A Mosaic is a single raster dataset composed of two or more merged raster datasets—for example, one image can be created by assembling multiple aerial photographs whose edges usually have been torn or cut selectively and matched to the imagery on adjoining images to form a continuous representation of a portion of the Earth’s surface.
The process of correcting the geometry of an image so that it appears as though each pixel were acquired from directly overhead. Orthorectification is used to correct terrain distortion in aerial or satellite imagery.
Alison DeGraff Ollivierre caught the geo/carto-bug from an introductory geography course in her first semester at Middlebury College, quickly realizing that the discipline was the perfect combination of her diverse interests in global affairs, conservation, history, and sociology. Now a cartographer at National Geographic Maps, Ollivierre works on the Trails Illustrated topographic outdoor recreation map products from an office in Colorado, making it easy for her to always be planning her next hike or trip to a National Park.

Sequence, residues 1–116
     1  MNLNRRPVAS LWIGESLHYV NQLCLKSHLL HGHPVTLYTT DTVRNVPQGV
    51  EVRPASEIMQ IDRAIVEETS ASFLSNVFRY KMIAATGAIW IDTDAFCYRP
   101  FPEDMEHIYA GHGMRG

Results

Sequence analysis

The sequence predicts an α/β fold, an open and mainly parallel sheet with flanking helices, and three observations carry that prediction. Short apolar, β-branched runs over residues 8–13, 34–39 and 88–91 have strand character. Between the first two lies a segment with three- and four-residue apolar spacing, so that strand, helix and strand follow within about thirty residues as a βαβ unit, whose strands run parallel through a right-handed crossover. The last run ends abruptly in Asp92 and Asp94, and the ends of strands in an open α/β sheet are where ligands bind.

Ollivierre began her professional career as a Geography Intern at National Geographic in 2011, working with NatGeo Live and the Giant Traveling Maps. During her internship, she had the opportunity to make maps for a few NatGeo Explorer lectures and Giant Traveling Map fact cards, but what really stuck with her was how the incredible breadth of geography was used every day at NatGeo (and meeting Sylvia Earle—she thought that was pretty cool!). Since then she has gone on to win multiple awards for her cartography and was recently recognized by xyHt Magazine as a 40 Under 40 Remarkable Geospatial Professional for 2018.
As a certified GIS Professional, with a master’s degree in Geoinformatics from the University of the West Indies, Ollivierre knows geospatial data and how to handle it but also understands that—while the data is important—there is more that goes into making a good map than just the data. ‘I believe strongly in the importance of great design.’ explains Ollivierre. ‘It has the power to make geospatial data more engaging, interesting, and accessible to its audience.’
Ollivierre started using MAPublisher—a cartography plug-in for Adobe Illustrator—in 2016 when she returned to work at NatGeo after facilitating a participatory mapping project in the Eastern Caribbean, working as a cartographer and GIS specialist in Maine, and conducting freelance cartographic work for organizations across the globe. ‘I had played briefly around with a trial version of MAPublisher before that and heard a lot of great things about the software, so I was excited to learn how to use it at NatGeo Maps.’ says Ollivierre. ‘We complete 99% of our daily tasks in Illustrator + MAPublisher so its power is clearly evident in our workflow.’